Properly Steeping Tea

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As part of my training to become a Tea Master, I studied the various types of loose-leaf teas from all over the world.  There are white, green, oolong, black, pu-erh and tisanes (herbal).  In this post I will explain how to obtain the most and best flavor from each.

Please understand I am discussing premium loose-leaf teas, not typical store teabag tea.  You will find, once you begin using quality loose-leaf teas, that the flavors are immensely richer than a teabag.

There are several important steps involved in properly steeping a cup of tea.  To begin, different types of teas should be steeped in different temperatures of water and for different lengths of time.  With the significant variety of premium loose-leaf teas available, it is important to understand what that means.

Another factor that will influence the flavor of a tea is the quality of the water.  For instance, municipal water has chemicals added to it and should be filtered before heating or the tea flavors will be altered.  You can filter it easily using a Brita Filter(available at Amazon).  If you have healthy well water or choose to buy spring water or purified water you will have a more consistent flavor experience.

In addition, using fresh water each time you heat the kettle is important for the best flavor.  Reheated water will cause the tea to taste differently, in part because some of the oxygen is removed when you heat the water.

It is also critical to understand that if you are looking for a stronger flavor from your tea, you must add more tea leaves, but still steep it for the recommended time.  Many people think they should steep it longer to get more flavor, however, this causes the tannins to be released which causes a bitter flavor in the tea.  Adding more leaves will give you the stronger flavor you are looking for without the negative effect of tannins.

Below is a basic information chart to use to steep your tea.  There are teas that may fluctuate from this chart and it is best to do some minimal experimenting with the timing to discover the perfect flavor for you.  Nevertheless, you should maintain the water temperatures in the chart and as we continue I will offer you the perfect way to that temperature.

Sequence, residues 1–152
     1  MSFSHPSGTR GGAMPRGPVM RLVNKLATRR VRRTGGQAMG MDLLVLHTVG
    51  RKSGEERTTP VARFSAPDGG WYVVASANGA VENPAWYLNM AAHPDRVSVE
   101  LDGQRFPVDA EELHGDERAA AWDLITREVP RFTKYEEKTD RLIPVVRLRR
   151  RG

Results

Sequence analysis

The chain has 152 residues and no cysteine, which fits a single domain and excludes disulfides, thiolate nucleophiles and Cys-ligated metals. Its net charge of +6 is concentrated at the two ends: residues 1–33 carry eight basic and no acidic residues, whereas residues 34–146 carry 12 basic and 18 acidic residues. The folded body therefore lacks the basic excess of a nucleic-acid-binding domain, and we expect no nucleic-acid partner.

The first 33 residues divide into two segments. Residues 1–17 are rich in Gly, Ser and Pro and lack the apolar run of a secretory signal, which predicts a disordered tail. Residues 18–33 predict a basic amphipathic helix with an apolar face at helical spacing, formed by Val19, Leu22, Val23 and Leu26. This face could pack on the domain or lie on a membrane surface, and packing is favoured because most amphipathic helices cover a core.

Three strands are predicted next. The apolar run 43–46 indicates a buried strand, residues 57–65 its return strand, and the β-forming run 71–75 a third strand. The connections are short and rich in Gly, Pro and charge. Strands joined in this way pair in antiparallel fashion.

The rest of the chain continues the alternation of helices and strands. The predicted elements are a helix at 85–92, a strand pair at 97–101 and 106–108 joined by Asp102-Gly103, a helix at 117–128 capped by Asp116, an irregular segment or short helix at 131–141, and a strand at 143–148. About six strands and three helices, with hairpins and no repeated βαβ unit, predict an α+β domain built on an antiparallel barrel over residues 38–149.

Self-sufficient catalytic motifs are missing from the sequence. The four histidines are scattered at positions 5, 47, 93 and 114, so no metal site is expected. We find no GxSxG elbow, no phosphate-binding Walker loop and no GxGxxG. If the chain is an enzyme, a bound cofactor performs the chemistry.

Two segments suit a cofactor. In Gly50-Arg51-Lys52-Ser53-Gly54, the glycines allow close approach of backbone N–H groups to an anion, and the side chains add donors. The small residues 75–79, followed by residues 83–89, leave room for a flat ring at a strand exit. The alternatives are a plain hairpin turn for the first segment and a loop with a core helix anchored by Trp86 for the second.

Tea Serving Temperature Steeping
White 2 t/6 oz 185F 1-3 min
Green 1 t/6 oz 185F 1-3 min
Oolong 1 t/6 oz 190F 3 min
Black 1 t/6 oz 212F 3 min
Pu-Erh 1 t/6 oz 212F 3 min
Tisanes 1 t/6 oz 212F 3-5 min
Rooibos 1 t/6 oz 212F 3-5 min

*Pre-heat cup and/or teapot with hot water first then fill to steep.

*These are generally recommended guidelines only.

To heat the water to the correct temperatures, I recommend using a thermostatically controlled electric kettle.  I have researched and experimented with many brands with price points ranging from $30.00 to $200.00 and can highly recommend the Cuisinart CPK-17 PerfecTemp 1.7-Liter Stainless Steel Cordless Electric Kettle (available at Amazon).

I have used this particular kettle in my tearoom for many years and even with the heavy use in a commercial application I have found it to last for years.  It is also easy to use, particularly for the novice, as it has buttons on the handle listing each type of tea/temp so you only have to know whether it’s white, green, oolong or black to confidently heat the water to the correct temperature.  There is also a warming button that will keep the water at temperature for an extra 30 minutes so you can easily steep a second cup.

Speaking of resteeping your tea.  There are recommendations for that as well.

Typically, a white tea will not steep a second time.  As it is a light tea to begin with having a mild flavor, a second steeping will not result in much, if any flavor at all.

A green or oolong tea can sometimes be resteeped resulting in a slightly different and yet still enjoyable flavor.  For instance, Ti Kuan Yin (Iron Goddess) Oolong Ti Kuan Yin (Iron Goddess) tea can be steeped up to five times and still have a delicious flavor.  The flavor will change slightly after each steeping, but there is still plenty of flavor to enjoy.

Most black teas can be steeped at least twice, some as many as three-four times and still give plenty of flavor.  I often steep my Golden Monkey black tea twice, and my Keemun Hoa Ya A  four times.

Tisanes (or herbals) generally will last for just one steeping.  Some two but expect the flavor to fade dramatically.

If you are using a blended tea, for instance Belgian Chocolate Rooibos which has chocolate bits in it, one steeping will be all you can achieve.  The chocolate will melt with that first steeping so there will be no hint of it after that.

In my on-line Tea Store I offer over 100 premium loose-leaf teas that I have selected from around the world.  If you would like to learn more about these teas, please click here The Confection Cottage Tea Store

In a future post I will discuss the differences between pre-made mass produced teabags and premium loose-leaf teas.

Cheers to a Cuppa,

Lady Kelly